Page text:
|NASHVILLE (BP) -- The search for a scapegoat has begun.
Now that the initial shock of the Newtown massacre is wearing off, our society is looking for something to do and someone to blame.
Something to do? Many are lobbying for stricter gun control laws and bans on assault weapons. Others are recommending that teachers and school officials be armed and ready to fight back.
Someone to blame? The talking heads on television have begun a conversation about mental illness that they are woefully ill-prepared for. I shudder to consider what lies ahead for autistic children and adults with Asperger's syndrome if hearsay and ignorance win the day.
While the tendency in the coming days will be to point our fingers, I recommend we point the finger right back at ourselves. Could it be that we are a violent people? Consider:
-- We are horrified by the slaughter of innocent children in Newtown but we are entertained by children killing children in "The Hunger Games."
-- We react with disbelief at the gruesomeness of the news reports but then plug in our video game consoles so we can shoot, stab and decapitate lifelike people on the screen.
-- We weep and mourn the stolen innocence of our children but the bestselling books in our country involve violent sexual fantasies and sadism/masochism.
-- We sing carols and hymns in remembrance of the victims of violence but our iPods are filled with explicit lyrics of rage that are particularly degrading to women.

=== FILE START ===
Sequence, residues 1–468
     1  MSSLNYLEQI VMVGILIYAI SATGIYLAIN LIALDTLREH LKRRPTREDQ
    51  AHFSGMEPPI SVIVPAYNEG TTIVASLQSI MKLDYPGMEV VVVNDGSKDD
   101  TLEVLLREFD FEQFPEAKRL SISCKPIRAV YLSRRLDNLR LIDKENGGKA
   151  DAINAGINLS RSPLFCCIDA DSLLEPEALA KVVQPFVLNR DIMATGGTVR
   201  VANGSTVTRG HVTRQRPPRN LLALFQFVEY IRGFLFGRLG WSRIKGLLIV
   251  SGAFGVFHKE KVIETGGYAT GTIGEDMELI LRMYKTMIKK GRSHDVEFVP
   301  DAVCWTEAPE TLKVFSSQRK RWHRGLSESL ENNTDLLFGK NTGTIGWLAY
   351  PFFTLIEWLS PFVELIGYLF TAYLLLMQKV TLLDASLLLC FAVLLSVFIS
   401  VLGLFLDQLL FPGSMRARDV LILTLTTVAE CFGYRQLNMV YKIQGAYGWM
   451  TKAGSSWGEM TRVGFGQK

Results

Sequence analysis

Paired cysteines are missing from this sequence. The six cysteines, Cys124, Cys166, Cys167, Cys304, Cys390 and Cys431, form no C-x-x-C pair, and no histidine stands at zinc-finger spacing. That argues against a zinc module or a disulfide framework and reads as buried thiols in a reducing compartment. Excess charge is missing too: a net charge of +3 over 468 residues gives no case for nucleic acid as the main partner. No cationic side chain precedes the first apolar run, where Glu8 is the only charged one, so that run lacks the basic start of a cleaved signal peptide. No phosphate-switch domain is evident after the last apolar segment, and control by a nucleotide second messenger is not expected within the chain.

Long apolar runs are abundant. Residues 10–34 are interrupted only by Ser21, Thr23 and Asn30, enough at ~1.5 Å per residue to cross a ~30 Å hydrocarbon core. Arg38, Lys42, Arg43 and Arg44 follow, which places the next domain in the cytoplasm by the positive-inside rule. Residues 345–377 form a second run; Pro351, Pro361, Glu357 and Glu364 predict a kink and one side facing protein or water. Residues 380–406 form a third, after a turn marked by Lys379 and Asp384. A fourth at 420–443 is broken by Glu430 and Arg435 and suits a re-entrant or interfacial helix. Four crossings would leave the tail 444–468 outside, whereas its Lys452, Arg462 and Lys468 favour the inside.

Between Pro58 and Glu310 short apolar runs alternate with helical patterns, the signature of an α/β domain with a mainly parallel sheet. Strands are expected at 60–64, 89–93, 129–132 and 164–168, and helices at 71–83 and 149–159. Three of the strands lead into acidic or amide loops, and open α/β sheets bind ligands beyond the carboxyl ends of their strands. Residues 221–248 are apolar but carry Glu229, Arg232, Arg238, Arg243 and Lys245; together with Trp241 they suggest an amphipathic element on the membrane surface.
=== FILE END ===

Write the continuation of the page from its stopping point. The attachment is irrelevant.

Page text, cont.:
Should we be surprised when reality eventually mirrors our fantasies?
Talk to Christian believers in other parts of the world and you quickly discover that we have a reputation for consuming movies, music and video games that promote a mindset of violence. Whenever I have brought up these concerns with my fellow American friends, I have gotten blank stares and then a quick denial that violence in any way represents us.
I remember when I took my son to see "Wall-E," only to find kids in kindergarten going to see "Hulk" with their parents. I know church kids who sat in the front row of "The Dark Knight."
Let me be clear. Even the Bible includes narratives of violence. I'm not opposed to violence as a means of representing evil in books and movies. My concern is that the proliferation of violent depictions has desensitized us to the point that the association of violence with evil is lost within violence itself. Continued...